The Blessings of Failure Overcome by Prayer

Have you ever known that you have the skills and abilities necessary to complete a task, but you fail anyway? Hopefully, you are with me and say, “I’ve been there.” What I find wonderfully encouraging is that the disciples had that experience as well, and so we are not alone. In Mark 9:16-29 we read an account of where a father asks the disciples to drive a demon out of a child. The result is that they did not.

Imagine the hopelessness the father must have felt. These disciples were in Christ’s ministry. They had been given authority by Jesus to preach, heal and have authority over the demons. The disciples had even driven out demons before this moment. Yet, this demon had been making life miserable for the child through near death experiences and the father is left pleading for help from Jesus.

Now imagine what the disciples must have been thinking. What is going on here? Did I forget something? This is so embarrassing! The scripture passage says, as Christ is walking to the scene, that an argument is taking place. I’ll leave it to your imagination on what the argument content could have been about.

So, Christ has a teaching moment with all of them, He heals the boy and then He explains why the failure occurred. “This kind cannot be driven out by anything but prayer” (v.29). Prayer is a great demonstration that shows whether we are dependent upon God. The reason that the disciples could not drive the demon out was because they were not depending upon God. I have to admit this really took me to the mat. How often have I failed in a routine task because I did not depend upon God?

This also got me thinking about my counseling. In what ways do I help a hurting person depend upon God? In many ways it is like the father shows up to my counseling room on Monday evening. I would recommend a few lessons to help strengthen our counseling based on this passage of scripture.

Lesson 1: Make prayer a regular homework assignment.

Our goal in counseling is to show the sufficiency of Christ through His word by applying it to life’s problems. In this passage the disciples are allowed to fail. The reason is because no prayerful dependence was shown. In counseling, we often take time to show what a person is depending upon other than God. We call that an idol. Prayer allows us to start shifting our allegiance to God instead of the idol that has failed us over and over again. Prayer is the homework that starts helping the hurting to depend on God.

Lesson 2: Prayer shows that the power to change comes from God and not from us.

Self-sufficiency is one of the biggest reasons we fail. Yet, when we start to depend upon God, He does what we cannot. There is nothing better than being able to be specific in prayer with a counselee, and then seeing God answer a prayer.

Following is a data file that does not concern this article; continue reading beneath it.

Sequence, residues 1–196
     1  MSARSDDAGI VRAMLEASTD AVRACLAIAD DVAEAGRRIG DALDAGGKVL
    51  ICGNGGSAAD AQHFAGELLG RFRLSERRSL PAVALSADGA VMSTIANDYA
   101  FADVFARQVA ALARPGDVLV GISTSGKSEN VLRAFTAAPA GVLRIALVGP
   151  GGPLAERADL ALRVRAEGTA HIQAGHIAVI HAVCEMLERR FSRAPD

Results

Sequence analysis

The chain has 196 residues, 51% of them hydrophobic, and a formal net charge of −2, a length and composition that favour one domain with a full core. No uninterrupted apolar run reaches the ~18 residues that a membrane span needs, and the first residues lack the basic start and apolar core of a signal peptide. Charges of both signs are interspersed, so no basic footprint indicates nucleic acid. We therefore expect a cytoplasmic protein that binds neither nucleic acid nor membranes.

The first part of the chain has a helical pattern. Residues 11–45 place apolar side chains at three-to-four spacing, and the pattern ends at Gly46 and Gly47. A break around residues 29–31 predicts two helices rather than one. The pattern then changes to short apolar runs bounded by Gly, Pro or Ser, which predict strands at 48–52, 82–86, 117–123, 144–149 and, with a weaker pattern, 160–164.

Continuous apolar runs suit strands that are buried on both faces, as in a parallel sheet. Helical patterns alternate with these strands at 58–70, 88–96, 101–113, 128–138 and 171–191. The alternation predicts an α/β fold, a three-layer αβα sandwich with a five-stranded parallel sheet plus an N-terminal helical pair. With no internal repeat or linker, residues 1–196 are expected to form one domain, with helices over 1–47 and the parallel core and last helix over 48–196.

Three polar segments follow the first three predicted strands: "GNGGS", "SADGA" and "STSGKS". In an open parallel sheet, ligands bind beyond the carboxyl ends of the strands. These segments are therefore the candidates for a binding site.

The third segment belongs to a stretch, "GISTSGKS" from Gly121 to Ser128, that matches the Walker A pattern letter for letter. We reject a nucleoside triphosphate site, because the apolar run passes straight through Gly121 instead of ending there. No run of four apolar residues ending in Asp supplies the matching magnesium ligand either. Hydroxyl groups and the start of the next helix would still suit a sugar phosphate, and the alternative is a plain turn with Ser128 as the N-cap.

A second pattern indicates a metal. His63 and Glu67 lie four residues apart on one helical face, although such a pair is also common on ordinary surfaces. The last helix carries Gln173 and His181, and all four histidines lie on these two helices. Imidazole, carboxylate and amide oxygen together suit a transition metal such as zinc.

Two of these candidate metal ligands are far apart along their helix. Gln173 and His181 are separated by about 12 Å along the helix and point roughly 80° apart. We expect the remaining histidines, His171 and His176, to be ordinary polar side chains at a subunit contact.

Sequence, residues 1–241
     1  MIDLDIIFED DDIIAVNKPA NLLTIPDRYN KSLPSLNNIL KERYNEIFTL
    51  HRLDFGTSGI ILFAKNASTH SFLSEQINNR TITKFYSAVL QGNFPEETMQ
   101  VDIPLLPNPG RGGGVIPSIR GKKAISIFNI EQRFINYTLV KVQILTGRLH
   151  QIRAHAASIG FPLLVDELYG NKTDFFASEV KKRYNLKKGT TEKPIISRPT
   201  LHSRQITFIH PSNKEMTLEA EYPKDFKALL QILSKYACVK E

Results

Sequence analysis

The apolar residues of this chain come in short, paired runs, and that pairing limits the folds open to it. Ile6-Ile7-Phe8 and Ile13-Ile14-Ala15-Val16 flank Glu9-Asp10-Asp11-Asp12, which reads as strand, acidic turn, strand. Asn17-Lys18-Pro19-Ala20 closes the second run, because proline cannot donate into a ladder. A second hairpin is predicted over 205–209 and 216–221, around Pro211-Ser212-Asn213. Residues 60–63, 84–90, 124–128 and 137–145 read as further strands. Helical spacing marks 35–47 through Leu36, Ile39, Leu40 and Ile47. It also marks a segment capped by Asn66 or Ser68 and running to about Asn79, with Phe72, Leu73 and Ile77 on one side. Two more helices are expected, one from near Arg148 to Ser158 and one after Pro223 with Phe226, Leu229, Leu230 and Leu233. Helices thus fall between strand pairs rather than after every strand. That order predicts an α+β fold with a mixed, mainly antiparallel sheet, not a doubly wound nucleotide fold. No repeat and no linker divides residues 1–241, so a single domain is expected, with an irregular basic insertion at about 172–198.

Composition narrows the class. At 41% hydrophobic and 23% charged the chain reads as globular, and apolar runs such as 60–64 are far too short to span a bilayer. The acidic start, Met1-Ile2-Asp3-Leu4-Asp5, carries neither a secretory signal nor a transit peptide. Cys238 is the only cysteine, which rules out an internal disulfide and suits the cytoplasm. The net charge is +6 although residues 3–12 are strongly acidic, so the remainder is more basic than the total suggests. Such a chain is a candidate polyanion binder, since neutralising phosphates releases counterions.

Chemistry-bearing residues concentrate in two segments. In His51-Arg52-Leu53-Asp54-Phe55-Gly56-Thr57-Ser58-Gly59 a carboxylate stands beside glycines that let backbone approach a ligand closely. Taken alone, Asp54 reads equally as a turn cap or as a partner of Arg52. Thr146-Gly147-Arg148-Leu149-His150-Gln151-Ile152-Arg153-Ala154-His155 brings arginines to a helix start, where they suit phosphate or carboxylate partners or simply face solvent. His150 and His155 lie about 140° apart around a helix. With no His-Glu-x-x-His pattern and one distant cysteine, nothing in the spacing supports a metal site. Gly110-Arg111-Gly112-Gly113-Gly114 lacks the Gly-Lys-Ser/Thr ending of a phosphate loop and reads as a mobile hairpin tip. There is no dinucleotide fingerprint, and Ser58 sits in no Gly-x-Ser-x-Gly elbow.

Recently, I had a couple in for counseling. They were both experiencing huge marital conflicts. In learning about them, I found out that neither were saved and redeemed by Christ. We then spent weeks going through the gospel. One of their homework assignments was to pray and ask God to help them toward salvation. When they both decided to place Christ as their King, I was ecstatic! The reason? The power to change and embrace Christ was shown in Him answering the prayer.

Lesson 3: When prayerful dependence is shown, God receives the glory.

When the boy was healed in Mark 9, no one was like, “wow those disciples are great stuff.” Jesus Christ stood alone as being supreme. This is what counseling should regularly look like. As a fellow fallen human, I am no different than my counselees. My job is to show the awesome power of God in His word so that He receives glory and praise.

When the counselee incorporates prayer into their life, it is so wonderful because then we get to praise God. This can be difficult when suffering and change is not happening as quickly as desired. A good passage to remember is Colossians 4:2. It states, “Continue steadfastly in prayer; being watchful in it with thanksgiving.” Persistently and courageously asking God with a thankful heart is a necessary step when counseling. For when this happens, God receives glory.

We could be just like the disciples in Mark 9 if we are not careful. Do you think your counseling is going nowhere? Do you think that you are going nowhere in your ability to overcome? The question to ask is ‘how is your prayer life going?’

Lee MorrisonLee Morrison
Lee D. Morrison, Associate Director of Student Advocacy and Deputy Title IX Coordinator is located in the department of Residential Life. Lee serves on the senior leadership team that manages all aspects of residential life for nearly 13,000 students. This includes providing leadership and oversight for all residential life staff on threat management, student of concern reports and Title IX case follow up. Current responsibilities include providing crisis management supervision for all students living in the residence halls, conduct case administration, and departmental collaboration. He earned a master’s degree from Purdue University and a bachelor’s degree from Ball State University. Lee is married to his wife Emily who actively helps him in serving at Faith Church. His ministry involvement includes serving on the counseling ministry and teaching an adult Sunday school class. His community involvement is with the Tippecanoe Election Board as a poll worker and the Lafayette Community Foundation – Men Who Give.